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Head to head in the field not too many and nothing really scientific. I sold my Gold Bug 2 , GMT, and Gold Bug Pro when I got the first prototype Gold Racer as I decided I did not need them anymore after fiddling around a bit with all four. I kind of wish I had them later on to maybe do the sort of stuff you are asking about but oh well. I did tote the Gold Racer in the field along with the Nokta FORS Gold, FORS CoRE, FORS Gold+, and F75. Not fair I guess but I figured out what I wanted to know. I am not in the proving stuff business so do not go to great lengths to do tests with a mind to proving things to others, but just enough to prove things for myself.

 

Ray was probably using a Gold Bug Pro. The 56 kHz gives the Gold Racer the easy edge there on the tiny stuff and so the comparison is a bit unfair to the Gold Bug Pro, and that is probably why Ray did not want to mention names. I have never seen Ray return to a topic after his initial posts and he has in any case been absent forums for some time. Frankly I only posted here because of Mike's comment. Chris is not a Makro dealer and so I felt posting about it on his forum might be a bit rude. That being the case if you have any more questions or want more details there are better venues.

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Hello, haven't heard from you guys for a while. I thought maybe you found all the gold that was left up there and hung up the detectors.

About your first question, no, it was not intentional however I will spill the beans. The VLF's in use before and after were Minelab's Eureka Gold, Garrett's AT Gold and the Fisher Gold Bug's

A person that only gets out once in a while is going to realize that there is more of a learning curve to the Gold Racer than the GB Pro. I have been using the Racer the last month at many different sites and I am still learning lots of tricks and I expect that this pattern will continue for a while. The Gold Bug Pro is a unit that has a shorter learning curve, I think. Any person that gets out on a regular basis with a VLF should be fine with either unit. I do think the Gold Racer has an edge on tiny pieces at a tad more depth than the GB Pro.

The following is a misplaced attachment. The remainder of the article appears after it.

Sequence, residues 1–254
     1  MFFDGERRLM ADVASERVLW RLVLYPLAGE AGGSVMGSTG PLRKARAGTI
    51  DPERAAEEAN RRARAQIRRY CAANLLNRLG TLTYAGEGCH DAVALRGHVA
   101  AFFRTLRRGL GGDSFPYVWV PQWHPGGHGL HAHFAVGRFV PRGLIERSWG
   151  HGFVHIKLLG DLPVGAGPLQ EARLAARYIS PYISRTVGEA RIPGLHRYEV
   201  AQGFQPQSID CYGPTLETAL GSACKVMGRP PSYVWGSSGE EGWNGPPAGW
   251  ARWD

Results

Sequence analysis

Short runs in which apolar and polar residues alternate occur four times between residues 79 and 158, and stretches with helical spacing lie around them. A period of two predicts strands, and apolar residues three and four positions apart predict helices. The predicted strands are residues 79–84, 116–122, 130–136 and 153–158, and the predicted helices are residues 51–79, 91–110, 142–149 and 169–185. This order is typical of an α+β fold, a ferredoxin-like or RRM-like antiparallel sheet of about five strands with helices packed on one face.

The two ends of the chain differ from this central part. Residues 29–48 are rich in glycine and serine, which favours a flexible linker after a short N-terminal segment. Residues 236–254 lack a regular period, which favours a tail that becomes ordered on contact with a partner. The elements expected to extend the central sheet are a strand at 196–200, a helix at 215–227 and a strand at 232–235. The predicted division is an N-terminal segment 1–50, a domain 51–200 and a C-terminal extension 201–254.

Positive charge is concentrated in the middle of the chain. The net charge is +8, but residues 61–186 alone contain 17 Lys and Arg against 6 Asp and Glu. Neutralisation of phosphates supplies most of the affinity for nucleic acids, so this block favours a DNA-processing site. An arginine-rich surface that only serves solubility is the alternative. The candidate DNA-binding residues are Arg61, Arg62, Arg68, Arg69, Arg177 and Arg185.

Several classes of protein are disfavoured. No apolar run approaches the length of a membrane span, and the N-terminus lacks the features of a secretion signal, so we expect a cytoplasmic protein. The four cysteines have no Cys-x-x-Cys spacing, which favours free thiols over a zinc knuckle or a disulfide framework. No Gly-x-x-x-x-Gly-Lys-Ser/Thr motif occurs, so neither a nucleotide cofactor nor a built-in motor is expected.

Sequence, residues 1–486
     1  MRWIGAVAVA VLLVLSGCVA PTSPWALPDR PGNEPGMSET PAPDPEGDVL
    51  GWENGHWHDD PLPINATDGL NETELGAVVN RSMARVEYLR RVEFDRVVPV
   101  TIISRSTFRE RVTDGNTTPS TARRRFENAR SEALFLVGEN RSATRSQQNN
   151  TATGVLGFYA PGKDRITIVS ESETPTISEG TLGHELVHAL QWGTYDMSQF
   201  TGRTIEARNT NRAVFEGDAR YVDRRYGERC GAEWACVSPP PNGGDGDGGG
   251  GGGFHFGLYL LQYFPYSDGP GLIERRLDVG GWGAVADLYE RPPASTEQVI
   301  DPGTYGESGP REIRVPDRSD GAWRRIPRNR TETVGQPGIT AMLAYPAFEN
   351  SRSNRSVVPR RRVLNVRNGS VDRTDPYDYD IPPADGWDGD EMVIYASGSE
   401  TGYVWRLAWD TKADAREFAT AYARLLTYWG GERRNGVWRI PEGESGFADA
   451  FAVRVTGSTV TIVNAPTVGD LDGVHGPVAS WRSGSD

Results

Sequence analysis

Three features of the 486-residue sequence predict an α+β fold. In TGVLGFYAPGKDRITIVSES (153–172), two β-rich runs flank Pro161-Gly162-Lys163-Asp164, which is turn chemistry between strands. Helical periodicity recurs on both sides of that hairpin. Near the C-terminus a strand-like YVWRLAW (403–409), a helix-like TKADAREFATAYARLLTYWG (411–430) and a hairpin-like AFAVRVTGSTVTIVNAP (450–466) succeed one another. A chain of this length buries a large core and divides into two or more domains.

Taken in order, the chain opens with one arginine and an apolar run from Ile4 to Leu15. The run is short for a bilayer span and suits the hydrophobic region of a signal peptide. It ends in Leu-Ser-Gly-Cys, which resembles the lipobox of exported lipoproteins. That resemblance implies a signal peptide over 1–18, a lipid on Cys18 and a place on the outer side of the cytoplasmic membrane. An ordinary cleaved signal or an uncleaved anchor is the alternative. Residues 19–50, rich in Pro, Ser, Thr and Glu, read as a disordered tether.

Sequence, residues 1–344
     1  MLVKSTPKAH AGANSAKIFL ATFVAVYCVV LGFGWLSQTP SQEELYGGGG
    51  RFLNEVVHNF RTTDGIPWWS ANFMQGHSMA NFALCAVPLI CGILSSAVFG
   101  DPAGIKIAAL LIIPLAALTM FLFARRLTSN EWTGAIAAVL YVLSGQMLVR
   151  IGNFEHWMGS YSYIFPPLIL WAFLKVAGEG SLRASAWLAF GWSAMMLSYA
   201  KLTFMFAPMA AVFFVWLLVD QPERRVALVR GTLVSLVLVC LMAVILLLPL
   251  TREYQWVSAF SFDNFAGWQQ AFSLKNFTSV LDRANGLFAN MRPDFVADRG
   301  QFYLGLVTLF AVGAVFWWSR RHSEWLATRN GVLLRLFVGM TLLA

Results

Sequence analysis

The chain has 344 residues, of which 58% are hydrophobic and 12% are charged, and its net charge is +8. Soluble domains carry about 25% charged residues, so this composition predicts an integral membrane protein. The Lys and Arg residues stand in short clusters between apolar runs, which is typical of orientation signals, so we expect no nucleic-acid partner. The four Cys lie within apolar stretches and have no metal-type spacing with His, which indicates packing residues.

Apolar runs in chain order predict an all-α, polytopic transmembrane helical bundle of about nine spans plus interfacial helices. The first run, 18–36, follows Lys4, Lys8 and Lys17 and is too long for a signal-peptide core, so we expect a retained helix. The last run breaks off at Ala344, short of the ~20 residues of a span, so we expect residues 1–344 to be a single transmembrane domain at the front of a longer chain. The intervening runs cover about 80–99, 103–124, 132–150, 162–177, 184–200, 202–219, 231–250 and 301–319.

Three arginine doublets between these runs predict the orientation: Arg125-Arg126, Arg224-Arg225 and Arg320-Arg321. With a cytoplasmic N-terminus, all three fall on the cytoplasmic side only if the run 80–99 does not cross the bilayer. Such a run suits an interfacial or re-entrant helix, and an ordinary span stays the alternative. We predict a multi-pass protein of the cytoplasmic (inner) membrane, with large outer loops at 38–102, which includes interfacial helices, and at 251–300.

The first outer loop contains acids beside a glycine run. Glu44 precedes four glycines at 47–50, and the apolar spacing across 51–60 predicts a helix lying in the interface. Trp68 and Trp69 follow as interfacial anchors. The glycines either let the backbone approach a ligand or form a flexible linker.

Many prospectors want a VLF as a clean- up machine and that is a great purpose for them. Some prospectors want a VLF because they are just breaking into gold detecting and the price is right. I use a VLF for detecting small dink's once I find a patch and I want to clean it out effectively. I have many “crumb” patches where a VLF is all you need.

My primary reason for using a VLF is when I find a new location that looks really good to me, both in depth and the look of the soil. I can use either the Racer or the Bug with their reliable displays to detect between obvious iron signals and other trash. I like to see those numbers that pop right up on a solid target of some size. When all my ferrous bars go away, my larger ground number drops to a 3, 8 or 12, and the bar graph goes back and forth between 40 and 100 I can usually expect a piece of lead, old brass cartridge, foil or gold. I am basically just eliminating the iron, but that helps a lot at many locations. Many of the areas that I detect in are free of trash so I get excited when the display shows these readings as it is usually a nice nugget. I will bring in the Minelab detectors after this first sweep.

 

LOL,I am very pleased with my newest VLF, the Minelab 7000. I have found so many tiny pieces of gold at surprising depth with this unit, it just amazes me.

Thanks for comments on the book. TRINITYAU/RAYMILLS